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WCBS physician-reporter promotes free brain scans. Evidence be damned

This is how NOT to cover health care news. It is one more example in a long list of major media in this country promoting screening tests in the absence of evidence.

Dr. Holly Phillips of WCBS-TV in NY reports about a van that …

…”travels around New York City and offers free MRI brain scans to virtually anyone. Neurosurgeon Dr. Patrick Kelly spearheaded the campaign and believes catching brain tumors early will save lives.

“We’ve scanned over 1,300 people and we have found some astounding things,” he told CBS 2.

Nearly a million Americans are walking around with a brain tumor and don’t even know it. About 25,000 of them are in New York City alone, and by the time brain tumors cause symptoms, often times it’s too late for treatment.”

This, on the other hand, is how you practice quality health care journalism:

The Cancer Letter (subscription or day pass required) did the same story, but reported that “Skeptics say these folks should have their heads examined. Screening experts … say there’s no evidence to support brain scans for asymptomatic people.”

One of those skeptical experts said, ““The question is what is the best use of resources to deal with the brain tumor population? The incidence of brain tumors in a population per year is in the range of 6 to 10 per 100,000 population. So what you would have to do is perform MR scans on 100,000 people to find somewhere between 6 and 10 brain tumors, and of those 6 to 10, about half of those lesions would be benign. It wouldn’t seem to be a reasonable expenditure of resources.”

Things to think about as you compare the two stories:

• The first was done by a physician who has been put on the air as a journalist.
• What is her training in journalism?
• Does she think first like a journalist, or like a doctor?
• If the latter, then her inclination, from her medical training, is probably to test, test, test.

• The Cancer Letter is written by serious journalists.
• They think about evidence, harms along with benefits, and costs.

The latter type of journalism prepares us to think about health care reform.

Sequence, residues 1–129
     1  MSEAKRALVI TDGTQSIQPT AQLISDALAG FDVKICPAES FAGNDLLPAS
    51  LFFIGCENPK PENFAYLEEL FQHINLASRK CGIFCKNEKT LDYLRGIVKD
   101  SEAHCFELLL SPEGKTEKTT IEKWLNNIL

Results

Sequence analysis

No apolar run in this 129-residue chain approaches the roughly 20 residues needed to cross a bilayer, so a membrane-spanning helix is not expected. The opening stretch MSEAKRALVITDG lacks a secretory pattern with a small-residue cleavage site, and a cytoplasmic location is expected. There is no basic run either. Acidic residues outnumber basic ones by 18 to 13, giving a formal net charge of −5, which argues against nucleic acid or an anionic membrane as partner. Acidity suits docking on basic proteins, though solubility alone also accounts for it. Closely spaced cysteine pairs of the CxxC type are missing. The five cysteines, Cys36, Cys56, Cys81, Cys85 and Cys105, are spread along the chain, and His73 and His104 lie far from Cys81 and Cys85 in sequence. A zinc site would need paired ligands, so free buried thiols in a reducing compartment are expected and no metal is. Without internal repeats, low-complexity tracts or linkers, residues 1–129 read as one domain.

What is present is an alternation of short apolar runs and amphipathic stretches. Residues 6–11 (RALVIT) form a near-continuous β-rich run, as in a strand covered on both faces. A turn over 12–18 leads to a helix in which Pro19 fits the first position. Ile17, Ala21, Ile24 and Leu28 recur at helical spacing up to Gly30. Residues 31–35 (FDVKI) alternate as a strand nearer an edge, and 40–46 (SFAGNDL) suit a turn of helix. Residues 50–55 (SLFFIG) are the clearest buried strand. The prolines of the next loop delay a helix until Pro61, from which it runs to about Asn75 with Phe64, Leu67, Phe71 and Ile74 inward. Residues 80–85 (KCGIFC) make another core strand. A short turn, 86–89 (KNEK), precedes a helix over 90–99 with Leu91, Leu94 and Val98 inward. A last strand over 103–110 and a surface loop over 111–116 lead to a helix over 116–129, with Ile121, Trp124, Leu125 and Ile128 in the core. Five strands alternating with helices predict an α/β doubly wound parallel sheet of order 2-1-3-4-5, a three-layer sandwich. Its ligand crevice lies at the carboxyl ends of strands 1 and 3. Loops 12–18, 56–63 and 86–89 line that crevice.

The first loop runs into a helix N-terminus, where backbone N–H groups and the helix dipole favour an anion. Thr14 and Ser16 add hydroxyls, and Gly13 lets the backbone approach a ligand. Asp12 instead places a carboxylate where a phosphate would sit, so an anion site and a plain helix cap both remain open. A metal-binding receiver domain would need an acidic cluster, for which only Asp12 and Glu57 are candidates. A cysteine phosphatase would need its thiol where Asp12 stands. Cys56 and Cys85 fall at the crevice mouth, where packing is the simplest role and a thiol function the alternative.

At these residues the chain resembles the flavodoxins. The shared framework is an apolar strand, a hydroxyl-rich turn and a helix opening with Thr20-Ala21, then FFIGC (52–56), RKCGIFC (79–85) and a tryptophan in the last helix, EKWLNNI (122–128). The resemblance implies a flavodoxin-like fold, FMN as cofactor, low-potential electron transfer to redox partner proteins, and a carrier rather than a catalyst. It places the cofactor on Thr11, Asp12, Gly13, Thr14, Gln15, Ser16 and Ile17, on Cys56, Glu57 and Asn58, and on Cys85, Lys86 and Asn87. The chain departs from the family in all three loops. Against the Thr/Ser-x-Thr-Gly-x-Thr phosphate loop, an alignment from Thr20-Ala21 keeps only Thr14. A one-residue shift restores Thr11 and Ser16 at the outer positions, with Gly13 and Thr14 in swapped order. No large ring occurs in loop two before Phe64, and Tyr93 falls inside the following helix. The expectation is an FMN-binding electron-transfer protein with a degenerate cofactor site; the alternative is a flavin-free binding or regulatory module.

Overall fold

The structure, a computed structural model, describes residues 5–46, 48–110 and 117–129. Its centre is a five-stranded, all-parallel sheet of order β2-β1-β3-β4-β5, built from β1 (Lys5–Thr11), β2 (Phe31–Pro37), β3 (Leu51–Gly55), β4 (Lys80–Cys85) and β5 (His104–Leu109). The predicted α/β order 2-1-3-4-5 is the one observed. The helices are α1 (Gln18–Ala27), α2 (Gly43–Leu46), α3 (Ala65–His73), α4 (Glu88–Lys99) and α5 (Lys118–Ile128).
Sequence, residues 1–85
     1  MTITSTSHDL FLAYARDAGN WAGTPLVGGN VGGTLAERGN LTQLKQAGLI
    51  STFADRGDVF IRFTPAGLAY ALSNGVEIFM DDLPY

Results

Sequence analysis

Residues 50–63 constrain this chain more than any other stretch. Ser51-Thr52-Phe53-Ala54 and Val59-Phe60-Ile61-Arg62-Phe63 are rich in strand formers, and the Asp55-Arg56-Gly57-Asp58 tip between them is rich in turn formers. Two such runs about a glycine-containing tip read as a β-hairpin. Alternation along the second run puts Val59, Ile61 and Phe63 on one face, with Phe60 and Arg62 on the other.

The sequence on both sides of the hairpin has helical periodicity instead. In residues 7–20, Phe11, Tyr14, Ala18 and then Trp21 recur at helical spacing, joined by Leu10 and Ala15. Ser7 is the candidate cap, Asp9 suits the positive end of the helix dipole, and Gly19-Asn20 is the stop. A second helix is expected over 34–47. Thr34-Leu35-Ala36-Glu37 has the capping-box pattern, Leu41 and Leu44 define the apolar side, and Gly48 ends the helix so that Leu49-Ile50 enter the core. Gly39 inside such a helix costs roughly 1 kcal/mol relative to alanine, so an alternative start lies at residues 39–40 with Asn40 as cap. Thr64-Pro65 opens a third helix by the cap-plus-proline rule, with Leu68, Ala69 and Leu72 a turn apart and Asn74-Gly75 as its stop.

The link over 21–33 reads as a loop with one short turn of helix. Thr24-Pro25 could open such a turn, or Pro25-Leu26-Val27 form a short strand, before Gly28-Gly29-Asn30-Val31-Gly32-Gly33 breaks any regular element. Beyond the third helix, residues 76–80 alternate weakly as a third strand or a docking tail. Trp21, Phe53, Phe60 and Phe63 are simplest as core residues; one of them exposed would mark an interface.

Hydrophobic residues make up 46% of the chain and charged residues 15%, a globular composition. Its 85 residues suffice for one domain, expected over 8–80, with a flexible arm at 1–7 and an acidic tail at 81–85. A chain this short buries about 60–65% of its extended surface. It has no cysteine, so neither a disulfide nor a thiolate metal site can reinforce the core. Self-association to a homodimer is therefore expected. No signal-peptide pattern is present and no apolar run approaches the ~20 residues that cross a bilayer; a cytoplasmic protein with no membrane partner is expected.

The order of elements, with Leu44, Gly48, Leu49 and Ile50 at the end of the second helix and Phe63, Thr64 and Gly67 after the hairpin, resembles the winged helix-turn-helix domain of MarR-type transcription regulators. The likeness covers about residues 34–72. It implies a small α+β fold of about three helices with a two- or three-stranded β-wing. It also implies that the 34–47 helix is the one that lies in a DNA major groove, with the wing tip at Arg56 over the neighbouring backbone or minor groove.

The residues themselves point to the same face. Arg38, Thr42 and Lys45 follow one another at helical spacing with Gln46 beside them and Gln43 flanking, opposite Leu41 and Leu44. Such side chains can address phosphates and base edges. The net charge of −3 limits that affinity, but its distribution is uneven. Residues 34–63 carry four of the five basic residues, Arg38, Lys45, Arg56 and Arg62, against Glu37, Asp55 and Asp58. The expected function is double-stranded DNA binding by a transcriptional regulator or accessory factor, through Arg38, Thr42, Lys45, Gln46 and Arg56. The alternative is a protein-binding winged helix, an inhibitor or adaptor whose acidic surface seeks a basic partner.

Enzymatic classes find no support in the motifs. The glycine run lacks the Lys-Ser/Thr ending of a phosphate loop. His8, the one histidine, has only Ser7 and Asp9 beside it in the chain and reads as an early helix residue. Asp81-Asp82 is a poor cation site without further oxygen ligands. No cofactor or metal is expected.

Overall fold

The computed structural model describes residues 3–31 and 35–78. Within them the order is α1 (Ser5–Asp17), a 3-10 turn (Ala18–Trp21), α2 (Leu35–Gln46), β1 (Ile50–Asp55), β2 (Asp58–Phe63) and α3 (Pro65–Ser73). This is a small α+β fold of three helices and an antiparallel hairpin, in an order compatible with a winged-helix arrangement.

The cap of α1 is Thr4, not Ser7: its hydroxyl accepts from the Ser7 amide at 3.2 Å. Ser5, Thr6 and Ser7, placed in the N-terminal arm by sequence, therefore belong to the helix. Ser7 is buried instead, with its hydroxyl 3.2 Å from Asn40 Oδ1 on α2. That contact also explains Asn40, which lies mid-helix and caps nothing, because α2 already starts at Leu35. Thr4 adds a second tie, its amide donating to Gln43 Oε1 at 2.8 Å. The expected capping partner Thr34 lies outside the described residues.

The former exacerbates the mess we’re in.

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Comments

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Serena

June 12, 2009 at 12:29 pm

I am curious as to your thoughts on a journalist trained student (BS telecom, MAMC), who then wants to go to medical school? Does that fall into the former or the later?

The Publisher

June 12, 2009 at 4:14 pm

Serena,
I don’t believe in stereotypes.
So please don’t read that into my comments.
It is the “type” of journalism that should be the focus – not necessarily the degree of the person performing it.
Atul Gawande – a physician – does some of the best health care journalism in the country. But I can name you x number of TV docs (especially) who don’t know journalism from advertising.
As my friend Andrew Holtz wrote recently on this blog, “MDs can learn to be journalists; but hiring an MD to cover health is like hiring a general to cover foreign affairs… or an automobile engineer to cover transportation. Medical training includes almost nothing about public health, health behaviors, communications, determinants of health, health care business or all the other facets of the health beat.
The blind spots are all too evident in the reporting by docs who haven’t learned to step out of their technical niche.”
So, in answer to your question, I believe that the journalism-trained student who goes into medicine and then still wants to pursue health care journalism will have a leg up on the medical-school-trained person without any journalism education.
So if that’s you that we’re talking about – I wish you success and look forward to hearing and seeing great things from you.
The Publisher